You might think that using the team secret in the webhook URL poses a security threat, e.g. because 'somebody' might listen to the web traffic. The same might apply for the team email address which includes the team secret.
Here is why this is not the case:
HTTP comes on top or inside a TLS encrypted communication session. You won’t be easily able to ‘listen’ to this traffic and see the plain URL that a POST or GET is sent to. Of course, the SIGNL4 webhook URL needs to be kept confidentially, that is correct. It is expected that it is only stored/used in systems which in itself have identity management and access control.
The same applies to your SIGNL4 team email. Secure mail servers start any SMTP communication via STARTTLS. Nobody would be able to sniff target addresses here.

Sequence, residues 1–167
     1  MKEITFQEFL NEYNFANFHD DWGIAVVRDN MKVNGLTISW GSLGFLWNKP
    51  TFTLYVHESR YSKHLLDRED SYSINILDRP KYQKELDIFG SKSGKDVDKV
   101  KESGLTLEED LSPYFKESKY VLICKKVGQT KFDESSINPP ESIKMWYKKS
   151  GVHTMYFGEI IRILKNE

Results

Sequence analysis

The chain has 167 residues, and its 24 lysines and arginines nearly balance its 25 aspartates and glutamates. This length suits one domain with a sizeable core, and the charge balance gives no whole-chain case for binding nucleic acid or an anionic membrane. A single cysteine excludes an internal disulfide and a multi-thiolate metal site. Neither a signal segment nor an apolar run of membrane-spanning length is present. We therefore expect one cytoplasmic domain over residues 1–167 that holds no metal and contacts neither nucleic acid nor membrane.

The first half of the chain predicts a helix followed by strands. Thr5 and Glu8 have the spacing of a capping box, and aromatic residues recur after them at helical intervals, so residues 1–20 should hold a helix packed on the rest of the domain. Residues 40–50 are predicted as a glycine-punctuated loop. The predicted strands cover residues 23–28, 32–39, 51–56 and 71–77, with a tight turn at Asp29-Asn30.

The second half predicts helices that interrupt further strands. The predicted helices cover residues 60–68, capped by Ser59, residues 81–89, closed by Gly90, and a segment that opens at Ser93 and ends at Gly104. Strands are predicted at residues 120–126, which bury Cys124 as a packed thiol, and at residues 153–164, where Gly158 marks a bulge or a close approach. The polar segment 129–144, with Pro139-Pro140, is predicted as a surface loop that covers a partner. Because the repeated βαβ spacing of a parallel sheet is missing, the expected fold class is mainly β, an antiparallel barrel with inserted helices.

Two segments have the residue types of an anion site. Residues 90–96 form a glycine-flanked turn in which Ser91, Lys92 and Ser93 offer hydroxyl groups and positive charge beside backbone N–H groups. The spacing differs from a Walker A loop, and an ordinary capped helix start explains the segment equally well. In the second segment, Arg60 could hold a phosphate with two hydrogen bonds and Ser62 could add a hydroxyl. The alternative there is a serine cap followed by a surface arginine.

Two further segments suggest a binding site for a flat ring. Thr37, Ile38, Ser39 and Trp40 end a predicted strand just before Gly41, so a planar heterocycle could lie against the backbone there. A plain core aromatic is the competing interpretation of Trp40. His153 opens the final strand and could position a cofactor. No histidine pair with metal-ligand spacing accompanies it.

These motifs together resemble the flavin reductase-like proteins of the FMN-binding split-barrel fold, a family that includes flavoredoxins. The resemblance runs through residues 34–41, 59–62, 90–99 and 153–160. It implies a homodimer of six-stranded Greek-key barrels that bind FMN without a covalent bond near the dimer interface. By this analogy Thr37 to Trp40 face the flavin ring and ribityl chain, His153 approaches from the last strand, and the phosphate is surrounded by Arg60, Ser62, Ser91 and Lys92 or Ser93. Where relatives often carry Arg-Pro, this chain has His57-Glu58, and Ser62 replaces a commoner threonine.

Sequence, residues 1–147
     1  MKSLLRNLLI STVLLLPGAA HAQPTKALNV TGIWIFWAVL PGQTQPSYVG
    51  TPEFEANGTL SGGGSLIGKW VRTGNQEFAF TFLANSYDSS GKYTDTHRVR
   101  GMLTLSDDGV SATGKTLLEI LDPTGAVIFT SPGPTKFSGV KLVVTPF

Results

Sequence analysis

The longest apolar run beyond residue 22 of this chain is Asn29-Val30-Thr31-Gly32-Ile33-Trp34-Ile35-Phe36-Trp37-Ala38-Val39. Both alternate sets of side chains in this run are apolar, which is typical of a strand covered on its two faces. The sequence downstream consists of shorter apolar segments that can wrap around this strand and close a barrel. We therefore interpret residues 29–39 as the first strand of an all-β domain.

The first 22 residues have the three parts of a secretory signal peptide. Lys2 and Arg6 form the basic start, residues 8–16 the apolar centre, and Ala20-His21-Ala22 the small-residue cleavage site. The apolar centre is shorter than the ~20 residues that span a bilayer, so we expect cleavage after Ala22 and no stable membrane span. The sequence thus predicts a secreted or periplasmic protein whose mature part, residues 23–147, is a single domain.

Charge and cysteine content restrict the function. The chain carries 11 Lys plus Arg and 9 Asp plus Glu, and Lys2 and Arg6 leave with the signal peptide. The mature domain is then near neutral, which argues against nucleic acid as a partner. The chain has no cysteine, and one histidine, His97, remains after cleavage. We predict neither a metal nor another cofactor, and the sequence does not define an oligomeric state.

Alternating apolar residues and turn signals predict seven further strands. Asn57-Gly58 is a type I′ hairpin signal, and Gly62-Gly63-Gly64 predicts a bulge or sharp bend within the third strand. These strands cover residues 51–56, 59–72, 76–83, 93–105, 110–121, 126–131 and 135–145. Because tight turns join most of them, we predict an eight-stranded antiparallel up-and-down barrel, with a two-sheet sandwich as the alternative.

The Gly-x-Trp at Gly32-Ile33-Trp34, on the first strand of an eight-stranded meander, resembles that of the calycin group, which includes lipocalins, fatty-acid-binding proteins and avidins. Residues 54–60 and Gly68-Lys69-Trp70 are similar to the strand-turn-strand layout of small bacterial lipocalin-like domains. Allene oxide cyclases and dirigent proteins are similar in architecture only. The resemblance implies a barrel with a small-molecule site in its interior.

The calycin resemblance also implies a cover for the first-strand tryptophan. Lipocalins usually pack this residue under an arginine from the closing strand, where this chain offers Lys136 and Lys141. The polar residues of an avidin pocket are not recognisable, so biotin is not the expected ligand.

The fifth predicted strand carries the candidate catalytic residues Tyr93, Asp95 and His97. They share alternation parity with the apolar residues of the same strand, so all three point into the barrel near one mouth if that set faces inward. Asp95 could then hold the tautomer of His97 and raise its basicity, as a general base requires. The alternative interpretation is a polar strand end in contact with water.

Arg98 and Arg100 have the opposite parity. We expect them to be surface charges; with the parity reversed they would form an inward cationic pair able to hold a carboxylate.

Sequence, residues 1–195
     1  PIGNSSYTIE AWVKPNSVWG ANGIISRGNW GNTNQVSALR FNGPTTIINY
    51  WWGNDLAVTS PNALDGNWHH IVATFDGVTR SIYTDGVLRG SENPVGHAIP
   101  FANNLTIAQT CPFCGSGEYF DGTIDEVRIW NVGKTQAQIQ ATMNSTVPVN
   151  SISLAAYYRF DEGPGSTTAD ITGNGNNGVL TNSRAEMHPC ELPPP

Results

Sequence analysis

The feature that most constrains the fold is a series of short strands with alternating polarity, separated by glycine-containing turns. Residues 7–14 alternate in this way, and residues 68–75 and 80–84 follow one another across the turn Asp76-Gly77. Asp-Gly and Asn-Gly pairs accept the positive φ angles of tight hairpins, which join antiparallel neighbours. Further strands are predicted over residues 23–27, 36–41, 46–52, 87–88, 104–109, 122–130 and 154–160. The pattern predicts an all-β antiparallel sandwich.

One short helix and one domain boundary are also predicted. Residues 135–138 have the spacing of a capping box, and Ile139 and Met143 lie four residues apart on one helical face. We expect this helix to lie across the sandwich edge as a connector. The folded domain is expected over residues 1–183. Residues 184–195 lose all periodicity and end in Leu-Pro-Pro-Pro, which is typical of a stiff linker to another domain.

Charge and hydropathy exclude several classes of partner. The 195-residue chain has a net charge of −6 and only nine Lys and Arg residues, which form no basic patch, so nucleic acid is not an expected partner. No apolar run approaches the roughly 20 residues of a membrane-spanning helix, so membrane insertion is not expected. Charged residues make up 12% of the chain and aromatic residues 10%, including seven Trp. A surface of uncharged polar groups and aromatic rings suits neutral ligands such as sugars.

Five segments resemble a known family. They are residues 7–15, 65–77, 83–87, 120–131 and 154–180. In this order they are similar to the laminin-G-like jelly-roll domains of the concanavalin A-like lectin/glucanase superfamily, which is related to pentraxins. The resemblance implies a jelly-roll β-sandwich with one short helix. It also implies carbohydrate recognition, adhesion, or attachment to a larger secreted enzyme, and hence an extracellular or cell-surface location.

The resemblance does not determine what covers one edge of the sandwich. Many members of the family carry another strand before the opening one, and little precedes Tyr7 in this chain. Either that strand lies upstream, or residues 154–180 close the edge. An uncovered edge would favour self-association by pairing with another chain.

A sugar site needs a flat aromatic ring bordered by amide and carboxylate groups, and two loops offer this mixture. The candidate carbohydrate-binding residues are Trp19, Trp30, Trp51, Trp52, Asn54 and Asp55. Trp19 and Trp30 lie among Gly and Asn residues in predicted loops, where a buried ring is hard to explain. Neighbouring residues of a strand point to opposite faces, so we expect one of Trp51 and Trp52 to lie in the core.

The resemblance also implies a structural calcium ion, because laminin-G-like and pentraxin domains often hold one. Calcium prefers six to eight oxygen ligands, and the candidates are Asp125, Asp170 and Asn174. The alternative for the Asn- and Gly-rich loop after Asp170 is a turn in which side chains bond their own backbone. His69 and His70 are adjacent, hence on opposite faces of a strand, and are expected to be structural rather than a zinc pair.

As long as you do not disclose your team secrets yourself, it will be no problem.
An alternative of course, can be the use of our REST API, where you pass an API key in the header. This might feel more secure. However, security is based on TLS not on the location of any API key or content within the payload or header.
More reading: https://security.stackexchange.com/questions/118975/is-it-safe-to-include-an-api-key-in-a-requests-url
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